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Understanding Money

The information age has had a truly revolutionary effect on many aspects of our world. Perhaps most significantly, it has changed the way we communicate and interact with each other. And these rapid, high speed, computerized interactions now afford us new opportunities to improve the way we organize ourselves in a civil society.

Certainly a revolution in energy production and distribution would have a profound effect on the world. And we understand how education is pivotal to the beliefs and perceptions of the rising generation. But perhaps there is even a more basic and fundamental stratum of the economy where revolutionary change is needed. This is the level where value is exchanged by individuals and corporations as they cooperate in the production of the goods and services we need to support and sustain ourselves. The medium of that exchange is money.

Hopefully we have discussed enough foundational topics to now explain what money actually is and how it often gets used to:

  • Foster our individual pursuits toward happiness and fulfillment, or to
  • bind people down into obligations of servitude.

As it turns out, most of us don’t really understand money very well. Isn’t it interesting, we handle and use it every day, we plan our lives around it and we often choose our life’s work because of it. We budget it, we save it, and we love to spend it. Sometimes we dream about getting more of it. Yet very few of us stop to figure out what it really is at its essence.

For example, if someone asks you: “how do you make money?” You might say something like “get a job” or “start a business.” True, we call that “making money” but is it really?

Or is that more about getting someone else to give you some of their money? When you get a job, is new money created (made)? Or do you just receive some of a fixed pool of already existing money?

When you start a successful business, are you making money? Does this imply money is somehow being created out of nothing? Or do you have to take the money away from someone else in order to get some for yourself?

Different people understand this concept very differently. In fact, the way we understand these questions may go deep to the root of which political faction you associate yourself with. You might view the economy as a zero-sum game, or a fixed size “pie.” In order for there to be a winner, there has to be a loser. If I get more pie, you get less.

Or you might think enterprise somehow grows the size of the pie so there is potentially more for everyone. Much of this may form a part of your Faith. Surely it affects the way you think about, and relate to other people in the economy.

In order to start answering these questions, let us do some experiments. Since we are not together in a laboratory, we will instead do the kind of experiments Einstein liked to do—thought experiments. To do one, we just make up a very simple scenario that is easy to understand and then use our intuition to determine what the results will likely be. Sometimes, we may exaggerate using extreme cases to be able to imagine the results more clearly.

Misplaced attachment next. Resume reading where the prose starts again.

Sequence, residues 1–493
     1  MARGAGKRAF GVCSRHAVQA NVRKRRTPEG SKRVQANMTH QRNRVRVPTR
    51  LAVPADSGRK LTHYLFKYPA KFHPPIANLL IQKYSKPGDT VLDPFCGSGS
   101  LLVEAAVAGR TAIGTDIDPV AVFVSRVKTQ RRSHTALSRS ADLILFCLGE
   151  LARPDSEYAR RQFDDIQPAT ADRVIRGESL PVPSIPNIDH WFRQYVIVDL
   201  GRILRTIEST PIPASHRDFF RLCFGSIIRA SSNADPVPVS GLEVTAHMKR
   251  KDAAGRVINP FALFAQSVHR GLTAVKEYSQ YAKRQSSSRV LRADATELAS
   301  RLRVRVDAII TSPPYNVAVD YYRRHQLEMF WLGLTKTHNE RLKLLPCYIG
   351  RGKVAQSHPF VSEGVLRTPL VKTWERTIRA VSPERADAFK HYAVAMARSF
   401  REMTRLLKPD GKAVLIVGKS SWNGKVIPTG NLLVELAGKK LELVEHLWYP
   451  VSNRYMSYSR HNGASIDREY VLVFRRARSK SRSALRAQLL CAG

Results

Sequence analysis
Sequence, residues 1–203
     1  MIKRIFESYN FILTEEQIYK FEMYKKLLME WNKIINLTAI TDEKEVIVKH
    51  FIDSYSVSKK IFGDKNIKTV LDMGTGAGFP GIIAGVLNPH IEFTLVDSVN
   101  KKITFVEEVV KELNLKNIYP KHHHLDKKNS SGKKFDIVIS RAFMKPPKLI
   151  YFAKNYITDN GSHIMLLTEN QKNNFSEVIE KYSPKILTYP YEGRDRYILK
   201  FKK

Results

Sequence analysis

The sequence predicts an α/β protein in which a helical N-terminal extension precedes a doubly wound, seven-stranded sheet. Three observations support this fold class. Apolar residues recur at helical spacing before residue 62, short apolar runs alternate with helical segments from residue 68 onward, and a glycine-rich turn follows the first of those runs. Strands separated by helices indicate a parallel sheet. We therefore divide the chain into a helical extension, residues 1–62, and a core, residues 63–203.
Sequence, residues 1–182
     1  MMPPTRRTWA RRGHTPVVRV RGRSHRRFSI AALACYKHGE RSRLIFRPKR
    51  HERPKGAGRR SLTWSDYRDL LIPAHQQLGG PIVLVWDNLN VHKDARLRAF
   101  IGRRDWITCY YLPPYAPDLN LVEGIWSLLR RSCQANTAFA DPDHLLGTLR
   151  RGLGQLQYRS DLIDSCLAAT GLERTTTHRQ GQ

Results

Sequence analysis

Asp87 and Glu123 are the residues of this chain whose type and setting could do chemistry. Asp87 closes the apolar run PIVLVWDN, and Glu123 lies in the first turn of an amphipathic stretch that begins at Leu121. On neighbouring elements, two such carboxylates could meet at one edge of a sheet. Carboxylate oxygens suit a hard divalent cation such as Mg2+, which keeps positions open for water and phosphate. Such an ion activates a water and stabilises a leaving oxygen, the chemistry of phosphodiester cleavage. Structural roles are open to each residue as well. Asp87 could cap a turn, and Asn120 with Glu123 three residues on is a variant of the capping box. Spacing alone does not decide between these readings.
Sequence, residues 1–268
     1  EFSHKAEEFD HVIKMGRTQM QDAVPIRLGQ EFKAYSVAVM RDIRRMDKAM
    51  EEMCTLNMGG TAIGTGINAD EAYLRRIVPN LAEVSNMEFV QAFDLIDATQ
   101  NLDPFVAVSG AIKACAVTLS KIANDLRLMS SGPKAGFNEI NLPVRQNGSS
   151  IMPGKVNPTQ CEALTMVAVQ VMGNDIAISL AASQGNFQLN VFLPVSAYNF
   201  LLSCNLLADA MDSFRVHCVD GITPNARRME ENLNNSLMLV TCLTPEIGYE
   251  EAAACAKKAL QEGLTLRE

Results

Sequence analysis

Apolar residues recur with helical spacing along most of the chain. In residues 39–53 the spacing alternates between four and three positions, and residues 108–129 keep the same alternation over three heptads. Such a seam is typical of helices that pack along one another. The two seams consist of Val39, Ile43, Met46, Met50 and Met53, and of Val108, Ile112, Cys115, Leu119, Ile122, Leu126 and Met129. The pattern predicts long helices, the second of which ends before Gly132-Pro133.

Although such thought experiments are not likely to give us results as numbers or data like an accounting spreadsheet or a computer program might, still they do give us some kind of intuitive sense of how things work—particularly at the margins, or extremes. This makes it easier for us to imagine what is happening under normal, or less extreme conditions.

To get started, let us consider the difference between money and prosperity. Is there a difference? Previously we discussed how mankind has a number of inherent needs. Basic needs include food, water, and shelter. Additionally, most people feel a desire for companionship and a sense of purpose, self worth, or accomplishment.

For our discussion, let us define “prosperity” and “wealth,” which terms we may use more or less interchangeably, to mean people have most of the commodities necessary to satisfy their wants and needs. This might include an ongoing supply of food, a place to live in reasonable comfort, and a variety of possessions to use in work and leisure.

In contrast, the term “money” will apply strictly to cash and its direct equivalents. It is the stuff we usually give in exchange for the commodities we buy. And we usually receive it when we sell a possession or some of our labor, or time. It is an abstract representation of the value we place on these commodities. But we should not confuse it with the commodities themselves.